Commentary: Using Local Businesses Boosts Mahoning Valley Economy

By Guy Coviello, President & CEO of the Youngstown/Warren Regional Chamber
YOUNGSTOWN, Ohio — Hats off to Warren City Schools and Superintendent Steve Chiaro for using a weighted rating system that leads to hiring local architects, engineers and builders for construction projects.

Formulas created by economic experts peg the multiplier effect of construction projects at 13 to 17 times over 10 years. That means Warren City Schools’ most recent decision to hire a Valley contractor to build a $15 million recreational/wellness center will result in approximately $225 million of trickle-down economic impact pumped into the Valley.

If spent on out-of-town vendors, this multiplier effect – income used to pay mortgages, rent, tuition, groceries, entertainment, utilities, services, fuel, etc. – happens elsewhere, not here.

Every decision-maker in the Valley, public or private, for profit or nonprofit, should adopt this practice. And whether or not this practice is exercised should be a primary consideration when it comes time to vote on tax levies, award philanthropic support and conduct personal business.

We have in the past several years witnessed too many stewards of local organizations and taxpayer dollars hire out-of-town companies for construction projects. While we might benefit slightly from cups of coffee, lunches or an occasional gasoline fill-up purchased by outside vendors, millions of dollars flow to the architects’, engineers’ and builders’ home communities.

This is not limited to construction, either. When local organizations fail to use local in any industry – banking, financial management, accounting, you name it – we all lose.

Meanwhile, many of those making these decisions, from schools and community centers to libraries, foundations and the like, have no qualms about asking the locally owned professional companies to make donations, sponsor events, buy fundraising bricks or commit time serving on voluntary boards and commissions.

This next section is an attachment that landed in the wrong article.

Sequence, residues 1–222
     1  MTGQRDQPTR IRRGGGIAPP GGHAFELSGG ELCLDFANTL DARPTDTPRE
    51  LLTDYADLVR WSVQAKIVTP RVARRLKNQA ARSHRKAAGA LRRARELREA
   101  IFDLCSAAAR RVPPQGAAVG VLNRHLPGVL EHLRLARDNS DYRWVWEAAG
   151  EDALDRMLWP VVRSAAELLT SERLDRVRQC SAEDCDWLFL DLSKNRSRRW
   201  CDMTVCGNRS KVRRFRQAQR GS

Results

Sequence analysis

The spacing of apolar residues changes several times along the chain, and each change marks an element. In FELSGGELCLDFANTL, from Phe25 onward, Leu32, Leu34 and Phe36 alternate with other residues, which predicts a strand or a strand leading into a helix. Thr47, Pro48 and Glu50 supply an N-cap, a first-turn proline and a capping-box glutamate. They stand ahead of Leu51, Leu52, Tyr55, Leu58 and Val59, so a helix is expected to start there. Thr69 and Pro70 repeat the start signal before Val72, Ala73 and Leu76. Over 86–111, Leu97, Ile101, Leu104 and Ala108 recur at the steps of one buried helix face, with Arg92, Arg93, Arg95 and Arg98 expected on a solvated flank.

I can’t remember the last time I saw an outside company advertising in a local high school sports program or newspaper, buying tickets to local charity fundraisers or sponsoring local teams.

There are rare occasions when a service requires highly specialized expertise that can’t be found in the region. That’s when hiring outside the Valley is justified. But for the vast majority of projects, our region possesses extraordinary talent, well-qualified companies and overall capabilities to compete with anyone in the nation.

These hiring decisions also impact brain drain. Sending the message to our youth that services provided by a company in Cleveland, Pittsburgh or Columbus must be better also sends a message that our youth must take their talents to those communities to be successful.

Of course, that’s bunk. In fact, we’ve noticed that many times outside firms, often large with hefty marketing budgets that help make them look superior, assign their youngest, least-experienced people to projects here. The veteran talent is reserved for projects in the firms’ hometowns.

In 2022, the Youngstown/Warren Regional Chamber will explore ways to celebrate those who follow the example set by Warren City Schools Superintendent Chiaro and his team.

Yes, quality of work is paramount. Yes, cost is a serious consideration. But overall economic impact of local versus outside should always be part of the equation.

Published by The Business Journal, Youngstown, Ohio.